Coronavirus testing at Ben-Gurion International Airport Feb, 28, 2021. (Flash90/Yossi Aloni)

The COVID-19 mutations are spreading rapidly, and the new Israeli test is reliable, cheap and fast for detecting the variants.

The new British and South African forms of the COVID-19 coronavirus are spreading faster and infecting more people, and a team of Israeli researchers announced Tuesday they have come up with a new, inexpensive and reliable test to help fight the mutations.

Scientists at Ben-Gurion University of the Negev realized that the current coronavirus tests “are expensive, time-consuming or indirect” and that the medical community needs something that works faster.

The current standard for coronavirus variants testing is the next generation sequencing (NGS) approach, but that sequences the entire virus genome, which is expensive and time-consuming.

The BGU scientists developed a direct rapid, cost-effective test that successfully identifies the British or South African variants. The tests reduce from days to hours the time needed to determine whether an infection is caused by a variant.

Drs. Karin Yaniv and Eden Ozer, under the supervision of Prof. Ariel Kushmaro, developed the rapid tests, which are based on a chain reaction (RT-qPCR) that uses “gene deletion” to differentiate the variants from the original SARS-CoV-2 strain.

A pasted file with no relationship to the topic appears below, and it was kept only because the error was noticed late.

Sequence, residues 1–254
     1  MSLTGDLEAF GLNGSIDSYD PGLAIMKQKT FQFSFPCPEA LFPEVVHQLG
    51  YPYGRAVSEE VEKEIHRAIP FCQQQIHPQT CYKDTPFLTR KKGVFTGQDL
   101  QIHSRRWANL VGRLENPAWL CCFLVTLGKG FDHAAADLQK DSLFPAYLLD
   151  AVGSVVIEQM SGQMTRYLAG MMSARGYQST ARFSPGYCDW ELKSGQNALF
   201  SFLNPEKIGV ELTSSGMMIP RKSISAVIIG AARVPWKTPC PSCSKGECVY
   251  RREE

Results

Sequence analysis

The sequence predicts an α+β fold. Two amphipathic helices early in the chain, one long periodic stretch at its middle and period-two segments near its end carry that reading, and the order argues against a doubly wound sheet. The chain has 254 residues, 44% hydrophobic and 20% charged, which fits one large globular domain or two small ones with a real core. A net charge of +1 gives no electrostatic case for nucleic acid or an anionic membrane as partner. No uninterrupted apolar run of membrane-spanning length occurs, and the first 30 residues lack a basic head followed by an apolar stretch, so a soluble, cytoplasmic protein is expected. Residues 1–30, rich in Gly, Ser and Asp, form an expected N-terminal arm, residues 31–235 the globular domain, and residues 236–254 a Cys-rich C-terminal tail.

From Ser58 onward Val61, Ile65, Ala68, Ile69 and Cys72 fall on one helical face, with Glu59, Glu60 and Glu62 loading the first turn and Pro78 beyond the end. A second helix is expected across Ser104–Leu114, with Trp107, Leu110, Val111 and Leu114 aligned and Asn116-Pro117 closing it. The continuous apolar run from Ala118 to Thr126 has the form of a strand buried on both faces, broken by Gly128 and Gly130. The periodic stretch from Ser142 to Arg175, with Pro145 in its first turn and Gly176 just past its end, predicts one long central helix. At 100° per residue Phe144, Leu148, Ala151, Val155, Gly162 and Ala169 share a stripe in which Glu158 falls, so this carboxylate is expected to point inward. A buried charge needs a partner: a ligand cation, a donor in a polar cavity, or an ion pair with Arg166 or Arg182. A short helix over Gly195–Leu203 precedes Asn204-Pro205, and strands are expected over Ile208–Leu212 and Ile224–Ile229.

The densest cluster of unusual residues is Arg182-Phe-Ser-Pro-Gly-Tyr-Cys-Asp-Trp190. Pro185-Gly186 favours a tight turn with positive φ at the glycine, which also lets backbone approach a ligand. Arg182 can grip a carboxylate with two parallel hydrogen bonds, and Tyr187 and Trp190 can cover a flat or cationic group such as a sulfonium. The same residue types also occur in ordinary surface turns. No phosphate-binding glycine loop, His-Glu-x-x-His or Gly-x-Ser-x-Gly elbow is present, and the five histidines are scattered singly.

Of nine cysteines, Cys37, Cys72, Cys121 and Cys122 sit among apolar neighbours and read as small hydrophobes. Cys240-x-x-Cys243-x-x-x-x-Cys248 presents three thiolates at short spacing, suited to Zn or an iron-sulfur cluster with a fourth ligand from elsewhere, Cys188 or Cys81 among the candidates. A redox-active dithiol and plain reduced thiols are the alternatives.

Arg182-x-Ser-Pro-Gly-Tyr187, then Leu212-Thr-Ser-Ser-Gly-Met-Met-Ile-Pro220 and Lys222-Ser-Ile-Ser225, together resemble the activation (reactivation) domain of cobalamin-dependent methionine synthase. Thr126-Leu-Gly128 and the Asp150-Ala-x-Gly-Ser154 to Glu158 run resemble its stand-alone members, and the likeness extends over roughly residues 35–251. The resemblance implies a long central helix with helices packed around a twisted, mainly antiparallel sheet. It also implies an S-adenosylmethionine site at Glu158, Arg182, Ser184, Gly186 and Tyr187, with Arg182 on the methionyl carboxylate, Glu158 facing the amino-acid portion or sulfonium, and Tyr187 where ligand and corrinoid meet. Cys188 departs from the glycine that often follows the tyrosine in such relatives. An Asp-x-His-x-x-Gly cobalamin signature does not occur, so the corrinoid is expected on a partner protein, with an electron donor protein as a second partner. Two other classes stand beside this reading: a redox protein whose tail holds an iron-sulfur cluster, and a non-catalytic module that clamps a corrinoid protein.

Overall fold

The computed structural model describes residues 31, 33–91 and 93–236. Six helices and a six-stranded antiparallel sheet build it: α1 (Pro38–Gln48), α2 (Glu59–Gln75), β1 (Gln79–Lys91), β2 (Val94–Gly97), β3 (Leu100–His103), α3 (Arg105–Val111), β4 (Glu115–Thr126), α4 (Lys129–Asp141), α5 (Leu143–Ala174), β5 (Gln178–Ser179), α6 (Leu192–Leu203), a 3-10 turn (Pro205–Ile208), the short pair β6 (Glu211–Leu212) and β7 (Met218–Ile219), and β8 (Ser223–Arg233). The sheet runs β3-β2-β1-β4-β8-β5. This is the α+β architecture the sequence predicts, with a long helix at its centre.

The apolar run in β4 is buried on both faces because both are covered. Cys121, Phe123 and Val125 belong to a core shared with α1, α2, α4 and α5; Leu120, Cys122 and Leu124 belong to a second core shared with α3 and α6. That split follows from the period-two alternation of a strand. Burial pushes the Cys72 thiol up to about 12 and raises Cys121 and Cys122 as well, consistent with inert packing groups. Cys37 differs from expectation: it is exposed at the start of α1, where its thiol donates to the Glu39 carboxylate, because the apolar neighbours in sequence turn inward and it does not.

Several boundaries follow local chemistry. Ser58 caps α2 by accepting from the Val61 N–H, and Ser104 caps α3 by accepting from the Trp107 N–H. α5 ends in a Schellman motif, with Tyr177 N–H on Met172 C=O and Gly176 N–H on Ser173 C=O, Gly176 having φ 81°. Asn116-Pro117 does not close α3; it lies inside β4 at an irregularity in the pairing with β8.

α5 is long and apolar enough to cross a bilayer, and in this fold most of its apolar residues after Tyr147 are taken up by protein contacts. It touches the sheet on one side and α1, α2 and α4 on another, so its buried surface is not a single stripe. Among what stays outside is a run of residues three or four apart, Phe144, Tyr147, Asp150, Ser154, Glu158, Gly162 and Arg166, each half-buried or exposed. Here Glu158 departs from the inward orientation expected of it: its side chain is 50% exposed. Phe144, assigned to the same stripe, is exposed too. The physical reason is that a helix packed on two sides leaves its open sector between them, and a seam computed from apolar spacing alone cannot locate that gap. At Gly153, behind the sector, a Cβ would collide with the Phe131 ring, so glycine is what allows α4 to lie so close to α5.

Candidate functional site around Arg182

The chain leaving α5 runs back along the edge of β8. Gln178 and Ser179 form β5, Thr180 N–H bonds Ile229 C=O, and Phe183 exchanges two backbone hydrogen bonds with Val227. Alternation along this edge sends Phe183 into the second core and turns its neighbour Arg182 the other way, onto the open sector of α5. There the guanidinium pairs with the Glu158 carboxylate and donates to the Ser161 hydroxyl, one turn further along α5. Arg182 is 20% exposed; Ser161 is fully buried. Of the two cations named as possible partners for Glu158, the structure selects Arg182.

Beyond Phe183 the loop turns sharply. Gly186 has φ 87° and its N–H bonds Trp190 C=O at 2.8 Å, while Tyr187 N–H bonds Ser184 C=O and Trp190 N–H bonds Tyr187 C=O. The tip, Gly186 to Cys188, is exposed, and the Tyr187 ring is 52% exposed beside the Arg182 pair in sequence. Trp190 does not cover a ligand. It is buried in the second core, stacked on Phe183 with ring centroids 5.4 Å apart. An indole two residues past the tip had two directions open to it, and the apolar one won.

The new tests produce quick results so that health authorities can give a proper response and contain novel mutations.

This method may also provide a basis for developing new tools for the detection of additional variants in the future, according to the researchers, who tried their tests on sewage samples from several cities, including Beersheba, home of the university, and successfully detected the British mutation.

“My lab has been working hard throughout this pandemic to provide early warning and detection tools. Our detection system of corona in wastewater successfully completed a pilot program in 14 cities around Israel,” Prof. Kushmaro said, adding that “we continue to refine our research in service to humankind.”